16. 16. B. Moral-Support Network. 1. It is important for the entrepreneur to establish a moral support network of family and friends. 2. Most entrepreneurs indicate that their spouses are their biggest supporters. 3. Friends can provide advice that is more honest than that received from others; also encouragement, understanding, and assistance. 4. Relatives can also be sources of moral support, particularly if they are also entrepreneurs. by Dr.Rajesh8/20/2012 11:47:06 PM Patel,Director,NRVMBA,email:1966patel@g 16 mail.com
  17. 17. C. Professional-Support Network. 1.The entrepreneur also needs advice and counsel which can be obtained from members of aprofessional support network. 2.Most entrepreneurs indicate that they have mentors. a.The mentor is a coach, sounding board, and advocate. b.The individual selected needs to be an expert in the field. c.An entrepreneur can initiate the “mentor-finding process” by identifying andcontacting a number of experts. d.The mentor should be periodically apprised of the progress of the business sothat a relationship can gradually develop. 3.Another source of advice is a network of business associates. a. Self-employed individuals who have experience instarting a business are good sources. b. Clients and buyers are also important as theyprovide word-of-mouth advertising. 4. Suppliers are good components of the professional-supportnetwork—they help to establish credibility with suppliers and provide good information on trends in theindustry. 5. Trade associations are good network additions, as they keepup with new developments and can provide overall industry data. 6. Affiliations with individuals developed in hobbies, sportingevents, civic involvements, and school alumni Dr.Rajesh are excellent sources of referrals, advice, and by groups 8/20/2012 11:47:06 PMinformation Patel,Director,NRVMBA,email:1966patel@g 17 mail.com
  18. 18. V. MALE VERSUS FEMALE ENTREPRENEURS by Dr.Rajesh 8/20/2012 11:47:06 PM Patel,Director,NRVMBA,email:1966patel@g 18 mail.com
  19. 19. A. Women are now starting new ventures at a higher ratethan men. 1.Women are starting businesses in the U.S. at twicethe rate of all businesses. 2.Women now own about 6.2 million smallbusinesses, employing 9.2 million people. by Dr.Rajesh8/20/2012 11:47:06 PM Patel,Director,NRVMBA,email:1966patel@g 19 mail.com
  20. 20. B. In some respects female entrepreneurs possess verydifferent motivations, business skills, and occupationalbackgrounds. 1. Factors in the start-up process formale and female entrepreneurs are different, especially in suchareas as support systems, sources of funds, and problems. 2. Men are motivated by the drive tocontrol their own destinies. 3. Women tend to be more motivatedby the need for achievement arising from job frustration. by Dr.Rajesh8/20/2012 11:47:06 PM Patel,Director,NRVMBA,email:1966patel@g 20 mail.com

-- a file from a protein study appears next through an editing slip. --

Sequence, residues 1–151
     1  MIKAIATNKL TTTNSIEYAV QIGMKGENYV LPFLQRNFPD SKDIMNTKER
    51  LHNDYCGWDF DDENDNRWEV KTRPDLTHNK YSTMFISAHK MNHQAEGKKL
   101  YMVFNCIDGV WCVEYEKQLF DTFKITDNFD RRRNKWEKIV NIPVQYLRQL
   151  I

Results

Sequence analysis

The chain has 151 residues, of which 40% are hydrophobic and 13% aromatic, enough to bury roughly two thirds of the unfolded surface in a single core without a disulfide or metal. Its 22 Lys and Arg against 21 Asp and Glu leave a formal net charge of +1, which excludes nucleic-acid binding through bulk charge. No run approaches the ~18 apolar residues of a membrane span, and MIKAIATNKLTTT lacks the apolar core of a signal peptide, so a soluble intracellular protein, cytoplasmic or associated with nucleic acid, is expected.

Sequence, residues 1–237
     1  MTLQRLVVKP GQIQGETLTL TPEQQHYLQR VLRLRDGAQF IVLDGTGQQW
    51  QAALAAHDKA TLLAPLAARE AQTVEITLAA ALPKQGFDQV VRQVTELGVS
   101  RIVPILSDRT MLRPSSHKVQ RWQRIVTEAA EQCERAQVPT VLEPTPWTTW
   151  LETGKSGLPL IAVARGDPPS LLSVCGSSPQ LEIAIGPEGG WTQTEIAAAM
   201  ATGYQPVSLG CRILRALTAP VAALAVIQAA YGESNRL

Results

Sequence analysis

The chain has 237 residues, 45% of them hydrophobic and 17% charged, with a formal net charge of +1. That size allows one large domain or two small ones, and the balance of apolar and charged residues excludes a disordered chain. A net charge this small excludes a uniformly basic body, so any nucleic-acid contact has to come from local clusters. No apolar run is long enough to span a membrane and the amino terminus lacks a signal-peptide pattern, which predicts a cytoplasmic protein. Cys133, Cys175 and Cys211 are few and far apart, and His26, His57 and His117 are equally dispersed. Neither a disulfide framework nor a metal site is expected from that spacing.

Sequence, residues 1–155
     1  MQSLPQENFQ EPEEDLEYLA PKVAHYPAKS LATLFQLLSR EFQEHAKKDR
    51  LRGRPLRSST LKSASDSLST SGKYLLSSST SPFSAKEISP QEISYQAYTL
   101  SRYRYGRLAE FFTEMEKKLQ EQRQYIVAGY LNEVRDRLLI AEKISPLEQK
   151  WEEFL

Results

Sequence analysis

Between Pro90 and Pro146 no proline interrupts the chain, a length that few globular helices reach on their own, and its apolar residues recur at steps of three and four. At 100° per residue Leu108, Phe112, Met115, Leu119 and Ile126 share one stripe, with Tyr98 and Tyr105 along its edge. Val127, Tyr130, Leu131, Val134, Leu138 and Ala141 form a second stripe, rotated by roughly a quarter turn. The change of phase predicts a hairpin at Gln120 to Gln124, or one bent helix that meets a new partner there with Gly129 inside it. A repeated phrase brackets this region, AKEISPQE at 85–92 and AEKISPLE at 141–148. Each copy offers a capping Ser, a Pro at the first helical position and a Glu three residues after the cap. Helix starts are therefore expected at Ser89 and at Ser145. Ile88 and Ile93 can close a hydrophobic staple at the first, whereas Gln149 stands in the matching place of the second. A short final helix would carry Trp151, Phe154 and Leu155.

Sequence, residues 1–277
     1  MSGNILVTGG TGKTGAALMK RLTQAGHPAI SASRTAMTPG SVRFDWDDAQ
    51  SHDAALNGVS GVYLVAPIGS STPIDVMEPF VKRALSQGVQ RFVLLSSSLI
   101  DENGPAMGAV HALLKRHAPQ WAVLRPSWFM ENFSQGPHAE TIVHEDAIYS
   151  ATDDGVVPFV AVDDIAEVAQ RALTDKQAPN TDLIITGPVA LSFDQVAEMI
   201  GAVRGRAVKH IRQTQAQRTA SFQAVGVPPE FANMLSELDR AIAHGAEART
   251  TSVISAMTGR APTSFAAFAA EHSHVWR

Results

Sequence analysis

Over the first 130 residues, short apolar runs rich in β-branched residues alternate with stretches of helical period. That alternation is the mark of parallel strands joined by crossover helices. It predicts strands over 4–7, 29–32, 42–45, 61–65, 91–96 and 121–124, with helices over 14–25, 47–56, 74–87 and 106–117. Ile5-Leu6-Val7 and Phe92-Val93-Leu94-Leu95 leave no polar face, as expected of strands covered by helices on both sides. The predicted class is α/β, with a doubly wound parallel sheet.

21. 21. C.Departure points and reasons for starting the business are similar for both men and women. 1. Both generally have a strong interest and experience in the area of their venture. 2. For men, the transition to a new venture is easier when the venture is an outgrowth of a present job. 3. Women often leave a previous occupation with a high level of frustration and enthusiasm for the new venture rather than experience. by Dr.Rajesh8/20/2012 11:47:06 PM Patel,Director,NRVMBA,email:1966patel@g 21 mail.com
  22. 22. D. Start-Up Financing. 1. Males often have investors,bank loans, or personal loans in addition topersonal funds as sources of start-up capital. 2. Women usually rely solelyon personal assets or savings. 3. Obtaining financing andlines of credit are major problems for women. by Dr.Rajesh8/20/2012 11:47:06 PM Patel,Director,NRVMBA,email:1966patel@g 22 mail.com
  23. 23. E.Occupations. 1. Both groups tend to haveexperience in the field of their ventures. 2. Men more often haveexperience in manufacturing, finance, or technical areas. 3. Most women usually haveadministrative experience, often in service-related fields. by Dr.Rajesh 8/20/2012 11:47:06 PM Patel,Director,NRVMBA,email:1966patel@g 23 mail.com
  24. 24. F.Personality. 1. Both men and women tend to be energetic, goal-oriented, and independent. 2. Men are often more confident and less flexible and tolerant than women. by Dr.Rajesh8/20/2012 11:47:06 PM Patel,Director,NRVMBA,email:1966patel@g 24 mail.com
  25. 25. G.The backgrounds of male and female entrepreneurstend to be similar. 1. Women are a little older whenthey embark on their careers. 2. Men often have studied intechnical- or business-related areas, while womentend to have liberal arts education. by Dr.Rajesh8/20/2012 11:47:06 PM Patel,Director,NRVMBA,email:1966patel@g 25 mail.com
  26. 26. H.Support Groups. 1. Men usually list outsideadvisors as most important supporters, with spousebeing second. 2. Women list their spousesfirst, close friends second, and business associatesthird. 3. Women usually rely moreheavily on a variety of sources for support andinformation than men. by Dr.Rajesh8/20/2012 11:47:06 PM Patel,Director,NRVMBA,email:1966patel@g 26 mail.com
  27. 27. I. Nature of the Venture. 1. Women are more likely to start a business in a service-related area. 2. Men are more likely to enter manufacturing, construction, or high- technology fields. by Dr.Rajesh8/20/2012 11:47:06 PM Patel,Director,NRVMBA,email:1966patel@g 27 mail.com
  28. 28. VI.MINORITY ENTREPRENEURSHIP by Dr.Rajesh8/20/2012 11:47:06 PM Patel,Director,NRVMBA,email:1966patel@g 28 mail.com
  29. 29. A.The differences in behavior of various groups must be understood in the context of the environment and economic opportunities available, making research difficult. by Dr.Rajesh8/20/2012 11:47:06 PM Patel,Director,NRVMBA,email:1966patel@g 29 mail.com
  30. 30. B.Most literature dealing with minorityentrepreneurship has focused on the characteristics ofthe group under study. 1.In terms of ownership, one study found: a.The lowest participation rate is for African-Americans. b.The second highest but fastest growing rate is forHispanics. c.The highest rate is for Asians. 2.Studies have also found differences in education,family background, and age when starting the venture. by Dr.Rajesh 8/20/2012 11:47:06 PM Patel,Director,NRVMBA,email:1966patel@g 30 mail.com
  31. 31. by Dr.Rajesh8/20/2012 11:47:06 PM Patel,Director,NRVMBA,email:1966patel@g 31 mail.com
  32. 32. by Dr.Rajesh8/20/2012 11:47:06 PM Patel,Director,NRVMBA,email:1966patel@g 32 mail.com